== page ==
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Ankiel accumulated a 20.77 ERA in Triple-A, then was demoted all the way to the Rookie League.  He returned to form and was named to the Appalachia League all-star team as both a pitcher and DH.  Ankiel sat out 2002 with a left elbow injury, then underwent Tommy John surgery in 2003.  He returned to the Cardinals for the final weeks of the 2004 campaign and made his last appearance on October 1, pitching four innings of relief against Milwaukee.

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Rick Ankiel gave up pitching during spring training in March 2005, on a day he was supposed to start a “B” game.  The pressure of trying to pitch was too much, The Monster too all-consuming.  “You lose your ability to do something you’ve done your whole life,” explained Ankiel.  “Without the explanation of why.”  The Cardinals gave him an opportunity to reinvent himself as an outfielder.  Ankiel returned to the minors, where he slugged .514 in Single-A and .515 in Double-A.

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In 2006, the 6’1″, 210 pound lefty was invited to spring training as an outfielder and twisted his knee running a drill.  He underwent surgery and missed the whole season.  It appeared Ankiel’s baseball career was over.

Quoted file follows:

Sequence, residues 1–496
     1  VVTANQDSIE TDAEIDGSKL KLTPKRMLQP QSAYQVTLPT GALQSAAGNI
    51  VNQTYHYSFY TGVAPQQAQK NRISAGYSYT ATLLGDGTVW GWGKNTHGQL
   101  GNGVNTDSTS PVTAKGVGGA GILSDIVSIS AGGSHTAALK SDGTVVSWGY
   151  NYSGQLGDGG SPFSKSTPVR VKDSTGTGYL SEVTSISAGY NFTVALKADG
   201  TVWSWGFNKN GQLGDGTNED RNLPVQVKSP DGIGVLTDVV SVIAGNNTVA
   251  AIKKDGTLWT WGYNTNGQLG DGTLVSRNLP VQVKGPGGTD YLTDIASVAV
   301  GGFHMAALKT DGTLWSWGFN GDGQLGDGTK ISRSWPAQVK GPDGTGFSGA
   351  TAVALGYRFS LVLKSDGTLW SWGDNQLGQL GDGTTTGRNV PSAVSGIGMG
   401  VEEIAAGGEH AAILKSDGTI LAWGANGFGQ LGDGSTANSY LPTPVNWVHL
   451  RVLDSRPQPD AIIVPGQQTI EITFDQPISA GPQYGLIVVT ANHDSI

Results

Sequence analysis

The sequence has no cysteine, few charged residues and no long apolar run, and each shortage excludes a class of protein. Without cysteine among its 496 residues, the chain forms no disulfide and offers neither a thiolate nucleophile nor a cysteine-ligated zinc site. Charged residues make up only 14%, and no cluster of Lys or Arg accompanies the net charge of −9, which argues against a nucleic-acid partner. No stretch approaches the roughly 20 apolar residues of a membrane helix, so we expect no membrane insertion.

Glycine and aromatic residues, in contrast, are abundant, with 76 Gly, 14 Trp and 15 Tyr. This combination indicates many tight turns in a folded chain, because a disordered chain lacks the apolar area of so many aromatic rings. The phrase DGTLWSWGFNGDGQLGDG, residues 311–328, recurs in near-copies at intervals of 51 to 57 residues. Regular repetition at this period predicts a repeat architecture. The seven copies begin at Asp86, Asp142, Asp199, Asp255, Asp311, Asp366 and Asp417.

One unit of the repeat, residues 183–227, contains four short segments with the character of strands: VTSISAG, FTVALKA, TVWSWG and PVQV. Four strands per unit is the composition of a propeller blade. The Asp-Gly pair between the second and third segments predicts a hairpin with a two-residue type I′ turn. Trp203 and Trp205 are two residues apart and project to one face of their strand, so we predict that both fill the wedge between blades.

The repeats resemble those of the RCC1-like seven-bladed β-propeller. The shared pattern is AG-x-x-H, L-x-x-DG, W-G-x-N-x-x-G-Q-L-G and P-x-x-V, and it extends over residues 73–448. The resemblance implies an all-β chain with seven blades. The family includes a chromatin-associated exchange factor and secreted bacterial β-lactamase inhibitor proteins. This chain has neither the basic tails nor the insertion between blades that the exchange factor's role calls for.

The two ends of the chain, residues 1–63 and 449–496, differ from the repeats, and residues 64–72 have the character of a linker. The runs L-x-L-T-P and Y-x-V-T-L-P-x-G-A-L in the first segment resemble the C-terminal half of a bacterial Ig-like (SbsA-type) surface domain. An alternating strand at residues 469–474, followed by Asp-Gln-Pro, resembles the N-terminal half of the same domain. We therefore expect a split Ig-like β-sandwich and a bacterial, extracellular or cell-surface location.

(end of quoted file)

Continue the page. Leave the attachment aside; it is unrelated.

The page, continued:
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The son of an abusive, alcoholic father bent on proving his worthiness, Ankiel began 2007 at Triple-A Memphis.  He made the All-Star team, led the Pacific Coast League in homers, and was second in RBI.  The best power hitter in Triple-A, he was called up to the Cardinals on August 9.  In his first game, the left-handed hitting slugger batted second and played right field.  Prior to his first at bat, Ankiel received a standing ovation from the Redbirds crowd – the most sophisticated and appreciative fans in baseball.  In the seventh inning, he belted a three-run homer off Padres right hander Doug Brocail.  La Russa – and the Cardinal faithful – were ecstatic.  Two days later, Ankiel had a three-hit, two homer game against the Dodgers and made a spectacular catch in right field.

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“His return after seven years – if only three days long – is the stuff of legend,” wrote columnist Charles Krauthammer.  “Made even more perfect by the timing.  Just two days after Barry Bonds sets a synthetic home run record in San Francisco, the Natural returns to St. Louis.”